Employees flock to Victoria amid stress on state’s healthcare system

Hundreds of international healthcare workers have been relocated to Victoria in the past year, in what has been heralded as a major boost for the state’s hospital system.

Doctors, nurses, midwives and allied health professionals have been recruited over the past year from overseas to help ease pressure on Victoria’s public system.

Premier Daniel Andrews said almost 700 workers have arrived in the state in the last year alone from Ireland, Canada, Hong Kong, Singapore, India, New Zealand, the Philippines and the United States, with one in five working in a regional area.

Almost 200 have accessed the Andrews’ government’s travel allowance scheme to help with relocation costs, benefiting those moving to metro areas $10,000 and regional areas $13,000.

“People are our healthcare system’s greatest asset, and as demand for care continues to rise, the biggest support we can give our healthcare workers is an extra set of hands.” Prime Minister Andrews said.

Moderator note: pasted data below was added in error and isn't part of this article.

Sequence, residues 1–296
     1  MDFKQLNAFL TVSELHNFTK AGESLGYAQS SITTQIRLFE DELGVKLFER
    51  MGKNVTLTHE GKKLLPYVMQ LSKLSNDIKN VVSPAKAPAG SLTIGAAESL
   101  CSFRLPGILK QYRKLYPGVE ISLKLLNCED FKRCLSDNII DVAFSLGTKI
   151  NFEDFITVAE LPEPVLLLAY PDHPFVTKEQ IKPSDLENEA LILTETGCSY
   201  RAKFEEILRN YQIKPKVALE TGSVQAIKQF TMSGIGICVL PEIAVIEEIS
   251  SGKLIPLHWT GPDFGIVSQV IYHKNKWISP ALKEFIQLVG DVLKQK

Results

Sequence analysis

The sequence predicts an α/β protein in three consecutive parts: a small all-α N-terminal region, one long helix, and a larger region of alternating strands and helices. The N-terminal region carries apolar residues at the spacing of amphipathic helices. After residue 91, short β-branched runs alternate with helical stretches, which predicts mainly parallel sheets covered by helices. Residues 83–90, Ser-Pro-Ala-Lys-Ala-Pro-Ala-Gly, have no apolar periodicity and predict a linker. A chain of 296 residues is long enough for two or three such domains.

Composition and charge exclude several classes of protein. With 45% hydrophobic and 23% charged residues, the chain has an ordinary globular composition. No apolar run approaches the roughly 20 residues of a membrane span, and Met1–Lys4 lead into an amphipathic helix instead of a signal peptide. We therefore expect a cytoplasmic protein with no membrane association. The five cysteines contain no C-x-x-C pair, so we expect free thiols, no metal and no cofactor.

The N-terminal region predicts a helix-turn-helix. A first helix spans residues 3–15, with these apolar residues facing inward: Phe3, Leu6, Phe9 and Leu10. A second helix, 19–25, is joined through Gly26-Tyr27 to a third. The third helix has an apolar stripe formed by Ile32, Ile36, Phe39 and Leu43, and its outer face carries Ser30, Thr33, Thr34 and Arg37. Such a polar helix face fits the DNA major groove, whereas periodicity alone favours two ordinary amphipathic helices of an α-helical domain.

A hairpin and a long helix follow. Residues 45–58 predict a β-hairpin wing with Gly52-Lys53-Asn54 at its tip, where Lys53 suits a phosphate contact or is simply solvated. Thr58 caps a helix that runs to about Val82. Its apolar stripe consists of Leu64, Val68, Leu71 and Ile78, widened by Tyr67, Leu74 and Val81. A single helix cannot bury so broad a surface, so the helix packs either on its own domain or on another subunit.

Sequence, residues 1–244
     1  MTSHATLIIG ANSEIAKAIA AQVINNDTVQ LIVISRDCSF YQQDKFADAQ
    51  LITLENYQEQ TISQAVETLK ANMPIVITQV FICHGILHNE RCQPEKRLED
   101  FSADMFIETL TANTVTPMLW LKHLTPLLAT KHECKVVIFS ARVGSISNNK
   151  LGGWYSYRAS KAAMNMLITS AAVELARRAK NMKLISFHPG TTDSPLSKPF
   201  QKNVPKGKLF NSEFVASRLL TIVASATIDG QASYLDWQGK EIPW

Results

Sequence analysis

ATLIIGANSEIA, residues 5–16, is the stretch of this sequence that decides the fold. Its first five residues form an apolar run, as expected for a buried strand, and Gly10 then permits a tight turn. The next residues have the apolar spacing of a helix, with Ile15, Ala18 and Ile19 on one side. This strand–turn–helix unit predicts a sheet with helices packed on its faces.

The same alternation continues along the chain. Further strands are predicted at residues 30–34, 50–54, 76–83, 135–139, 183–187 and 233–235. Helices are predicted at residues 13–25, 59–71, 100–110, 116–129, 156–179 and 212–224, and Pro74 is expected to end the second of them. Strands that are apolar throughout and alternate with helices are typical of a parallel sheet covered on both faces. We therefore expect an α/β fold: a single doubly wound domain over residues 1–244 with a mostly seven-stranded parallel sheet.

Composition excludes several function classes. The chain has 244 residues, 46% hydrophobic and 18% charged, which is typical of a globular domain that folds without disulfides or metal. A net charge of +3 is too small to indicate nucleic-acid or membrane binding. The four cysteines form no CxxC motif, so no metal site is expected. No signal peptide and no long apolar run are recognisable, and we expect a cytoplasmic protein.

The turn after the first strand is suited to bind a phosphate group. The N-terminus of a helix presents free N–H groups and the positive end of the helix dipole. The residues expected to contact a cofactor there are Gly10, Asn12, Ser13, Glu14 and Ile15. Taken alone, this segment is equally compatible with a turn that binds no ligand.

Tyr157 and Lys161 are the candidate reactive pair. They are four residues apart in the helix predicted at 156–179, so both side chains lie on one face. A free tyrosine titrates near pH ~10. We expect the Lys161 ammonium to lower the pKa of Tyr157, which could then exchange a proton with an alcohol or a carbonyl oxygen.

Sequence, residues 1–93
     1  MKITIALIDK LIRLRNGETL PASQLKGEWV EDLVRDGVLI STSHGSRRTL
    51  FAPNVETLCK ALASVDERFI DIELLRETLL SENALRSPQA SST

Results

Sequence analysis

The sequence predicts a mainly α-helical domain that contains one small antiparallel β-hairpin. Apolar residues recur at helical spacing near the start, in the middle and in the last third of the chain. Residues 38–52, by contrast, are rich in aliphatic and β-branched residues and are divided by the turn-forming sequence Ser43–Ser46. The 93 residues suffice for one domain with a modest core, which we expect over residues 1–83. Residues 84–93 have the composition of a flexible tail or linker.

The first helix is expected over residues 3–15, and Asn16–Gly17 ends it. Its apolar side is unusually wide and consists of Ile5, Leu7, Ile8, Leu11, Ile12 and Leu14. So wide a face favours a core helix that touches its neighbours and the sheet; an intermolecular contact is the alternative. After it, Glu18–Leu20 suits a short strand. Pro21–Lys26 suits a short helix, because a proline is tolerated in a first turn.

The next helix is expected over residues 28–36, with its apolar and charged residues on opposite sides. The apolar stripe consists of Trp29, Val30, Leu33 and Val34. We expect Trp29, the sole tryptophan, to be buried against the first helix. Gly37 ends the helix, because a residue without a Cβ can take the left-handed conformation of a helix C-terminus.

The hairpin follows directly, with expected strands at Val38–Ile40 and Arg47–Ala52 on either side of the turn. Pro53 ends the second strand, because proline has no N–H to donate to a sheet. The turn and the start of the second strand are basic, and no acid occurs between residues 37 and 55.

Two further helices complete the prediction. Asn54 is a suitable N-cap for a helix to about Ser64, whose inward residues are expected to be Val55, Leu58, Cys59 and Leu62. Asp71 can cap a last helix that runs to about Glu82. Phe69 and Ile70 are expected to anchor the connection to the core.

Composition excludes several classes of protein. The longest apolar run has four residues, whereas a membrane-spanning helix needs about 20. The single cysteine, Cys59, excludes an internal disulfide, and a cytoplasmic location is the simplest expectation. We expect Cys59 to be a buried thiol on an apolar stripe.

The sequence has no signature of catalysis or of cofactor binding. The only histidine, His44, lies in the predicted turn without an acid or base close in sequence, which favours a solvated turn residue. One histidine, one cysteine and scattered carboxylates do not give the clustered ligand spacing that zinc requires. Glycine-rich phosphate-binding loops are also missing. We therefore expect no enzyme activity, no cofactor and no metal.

“Our health system continues to see record demand and our recruitment blitz is making a big difference on the ground, helping provide the timely, world-class care that every Victorian deserves.”

In an effort to keep workers in the sector, the state government rolled out an initiative to include $3,000 payments for staff working in public hospitals and ambulance services.

The state is pushing to hire an extra 2000 staff from abroad by mid 2023 to make up for a shortfall of 7000 staff.

The opening of the international borders after the Covid-19 closures has meant interest from other countries has grown, with many workers “keen to experience the Australian way of life”.

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